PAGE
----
Difference between revisions of "1914-04-07 (158lbs) Al McCoy nd-w co 1 (10) George Chip, Broadway SC, Brooklyn, NYC, New York, USA"

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1914-04-07 (158lbs) [[Al McCoy]] nd-w co 1 (10) [[George Chip]], Broadway AC, Brooklyn, NYC, New York, USA. Referee: Johnny Haukaup. As in the contests between Chip and [[Frank Klaus]] this was not a billed title bout, but Chip’s version of the championship was deemed to have changed hands after he ran on to a left hook counter in the ninth and was knocked out on the 1.04 mark.  
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1914-04-07 (158lbs) [[Al McCoy]] nd-w co 1 (10) [[George Chip]], Broadway SC, Brooklyn, NYC, New York, USA. Referee: Johnny Haukaup. As in the contests between Chip and [[Frank Klaus]] this was not a billed title bout, but Chip’s version of the championship was deemed to have changed hands after he ran on to a left hook counter in the ninth and was knocked out on the 1.04 mark.  
  
 
Despite Chip (162½), who was a substitute for his brother Joe, coming in over the middleweight poundage in a ten-round no-decision affair, with no weight stipulation in force McCoy (157½) received recognition as the first southpaw champion in boxing history. Chip, who had been floored earlier in the ninth, was reported to have weighed 159lbs by the ''New York Times''.  
 
Despite Chip (162½), who was a substitute for his brother Joe, coming in over the middleweight poundage in a ten-round no-decision affair, with no weight stipulation in force McCoy (157½) received recognition as the first southpaw champion in boxing history. Chip, who had been floored earlier in the ninth, was reported to have weighed 159lbs by the ''New York Times''.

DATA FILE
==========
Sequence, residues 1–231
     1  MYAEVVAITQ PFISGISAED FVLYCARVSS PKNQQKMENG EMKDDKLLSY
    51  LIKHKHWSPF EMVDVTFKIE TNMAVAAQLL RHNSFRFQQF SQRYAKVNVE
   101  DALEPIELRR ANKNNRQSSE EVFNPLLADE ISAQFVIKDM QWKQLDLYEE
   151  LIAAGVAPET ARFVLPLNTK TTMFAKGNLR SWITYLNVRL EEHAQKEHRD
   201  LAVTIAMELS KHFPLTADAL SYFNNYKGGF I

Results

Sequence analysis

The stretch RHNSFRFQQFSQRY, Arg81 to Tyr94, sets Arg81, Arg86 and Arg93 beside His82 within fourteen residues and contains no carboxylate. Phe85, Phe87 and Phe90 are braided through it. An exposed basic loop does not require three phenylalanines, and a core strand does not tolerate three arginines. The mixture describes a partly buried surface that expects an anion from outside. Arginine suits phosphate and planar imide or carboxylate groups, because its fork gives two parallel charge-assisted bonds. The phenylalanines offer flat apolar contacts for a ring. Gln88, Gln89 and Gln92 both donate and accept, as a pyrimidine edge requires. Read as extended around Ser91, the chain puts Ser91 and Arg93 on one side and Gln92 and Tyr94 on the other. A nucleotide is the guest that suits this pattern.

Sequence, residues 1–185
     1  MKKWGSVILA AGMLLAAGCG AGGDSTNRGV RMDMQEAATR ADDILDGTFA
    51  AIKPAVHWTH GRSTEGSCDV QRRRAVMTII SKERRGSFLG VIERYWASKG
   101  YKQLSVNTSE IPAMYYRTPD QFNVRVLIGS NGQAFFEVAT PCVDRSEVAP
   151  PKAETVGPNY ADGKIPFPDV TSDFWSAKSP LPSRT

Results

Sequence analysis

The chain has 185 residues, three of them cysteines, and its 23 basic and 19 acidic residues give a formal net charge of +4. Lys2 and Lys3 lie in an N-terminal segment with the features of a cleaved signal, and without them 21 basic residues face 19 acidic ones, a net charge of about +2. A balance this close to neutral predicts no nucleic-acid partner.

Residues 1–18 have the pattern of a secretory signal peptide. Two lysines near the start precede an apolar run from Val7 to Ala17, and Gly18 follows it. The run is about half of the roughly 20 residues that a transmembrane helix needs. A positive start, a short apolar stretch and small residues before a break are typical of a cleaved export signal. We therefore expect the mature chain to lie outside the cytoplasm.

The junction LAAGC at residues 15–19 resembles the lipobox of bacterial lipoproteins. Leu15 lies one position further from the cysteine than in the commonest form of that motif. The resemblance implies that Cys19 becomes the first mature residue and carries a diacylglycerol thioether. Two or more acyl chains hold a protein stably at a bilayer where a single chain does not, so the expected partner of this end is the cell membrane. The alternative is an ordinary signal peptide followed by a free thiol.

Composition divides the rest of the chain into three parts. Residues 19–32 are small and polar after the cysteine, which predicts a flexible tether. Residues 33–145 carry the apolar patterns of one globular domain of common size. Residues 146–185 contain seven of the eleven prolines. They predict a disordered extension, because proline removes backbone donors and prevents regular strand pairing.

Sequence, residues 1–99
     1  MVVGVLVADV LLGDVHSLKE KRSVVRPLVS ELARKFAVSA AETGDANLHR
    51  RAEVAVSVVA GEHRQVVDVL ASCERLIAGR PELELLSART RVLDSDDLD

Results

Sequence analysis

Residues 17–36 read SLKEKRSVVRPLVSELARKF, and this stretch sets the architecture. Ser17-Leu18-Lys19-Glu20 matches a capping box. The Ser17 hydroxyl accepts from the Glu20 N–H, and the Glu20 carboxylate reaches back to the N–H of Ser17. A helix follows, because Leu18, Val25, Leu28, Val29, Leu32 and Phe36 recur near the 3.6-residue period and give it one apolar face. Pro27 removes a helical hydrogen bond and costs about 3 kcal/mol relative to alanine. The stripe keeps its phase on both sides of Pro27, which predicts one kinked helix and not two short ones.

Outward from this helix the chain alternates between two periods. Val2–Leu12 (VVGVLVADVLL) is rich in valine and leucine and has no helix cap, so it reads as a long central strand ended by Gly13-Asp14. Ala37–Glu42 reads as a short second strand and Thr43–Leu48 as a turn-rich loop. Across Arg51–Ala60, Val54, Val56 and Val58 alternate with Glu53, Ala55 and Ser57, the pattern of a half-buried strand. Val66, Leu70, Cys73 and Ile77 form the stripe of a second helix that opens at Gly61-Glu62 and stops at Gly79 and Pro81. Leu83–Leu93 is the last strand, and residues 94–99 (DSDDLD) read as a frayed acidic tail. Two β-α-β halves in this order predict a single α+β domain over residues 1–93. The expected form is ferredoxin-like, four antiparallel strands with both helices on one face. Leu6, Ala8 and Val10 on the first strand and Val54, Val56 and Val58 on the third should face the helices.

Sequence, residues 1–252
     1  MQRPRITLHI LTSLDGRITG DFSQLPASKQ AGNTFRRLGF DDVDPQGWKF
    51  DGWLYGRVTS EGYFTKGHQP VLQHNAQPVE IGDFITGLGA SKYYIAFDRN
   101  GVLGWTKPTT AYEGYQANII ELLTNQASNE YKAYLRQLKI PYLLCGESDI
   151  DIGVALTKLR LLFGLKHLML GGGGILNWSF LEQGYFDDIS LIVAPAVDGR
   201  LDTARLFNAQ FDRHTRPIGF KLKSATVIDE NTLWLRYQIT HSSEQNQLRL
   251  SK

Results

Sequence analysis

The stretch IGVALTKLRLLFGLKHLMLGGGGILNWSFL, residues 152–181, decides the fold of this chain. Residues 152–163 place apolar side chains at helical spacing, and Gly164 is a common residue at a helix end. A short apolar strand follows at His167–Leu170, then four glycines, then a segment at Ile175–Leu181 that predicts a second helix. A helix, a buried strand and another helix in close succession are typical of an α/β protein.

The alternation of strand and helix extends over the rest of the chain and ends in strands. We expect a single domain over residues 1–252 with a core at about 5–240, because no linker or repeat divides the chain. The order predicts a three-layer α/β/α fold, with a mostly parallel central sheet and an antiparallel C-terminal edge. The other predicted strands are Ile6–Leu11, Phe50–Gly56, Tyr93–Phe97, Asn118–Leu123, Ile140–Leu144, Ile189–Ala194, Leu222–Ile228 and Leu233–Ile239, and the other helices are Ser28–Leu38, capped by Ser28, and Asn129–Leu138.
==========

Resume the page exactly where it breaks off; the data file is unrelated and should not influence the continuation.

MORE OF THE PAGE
Revision as of 13:51, 28 May 2012

1914-04-07 (158lbs) Al McCoy nd-w co 1 (10) George Chip, Broadway SC, Brooklyn, NYC, New York, USA. Referee: Johnny Haukaup. As in the contests between Chip and Frank Klaus this was not a billed title bout, but Chip’s version of the championship was deemed to have changed hands after he ran on to a left hook counter in the ninth and was knocked out on the 1.04 mark.

Despite Chip (162½), who was a substitute for his brother Joe, coming in over the middleweight poundage in a ten-round no-decision affair, with no weight stipulation in force McCoy (157½) received recognition as the first southpaw champion in boxing history. Chip, who had been floored earlier in the ninth, was reported to have weighed 159lbs by the New York Times.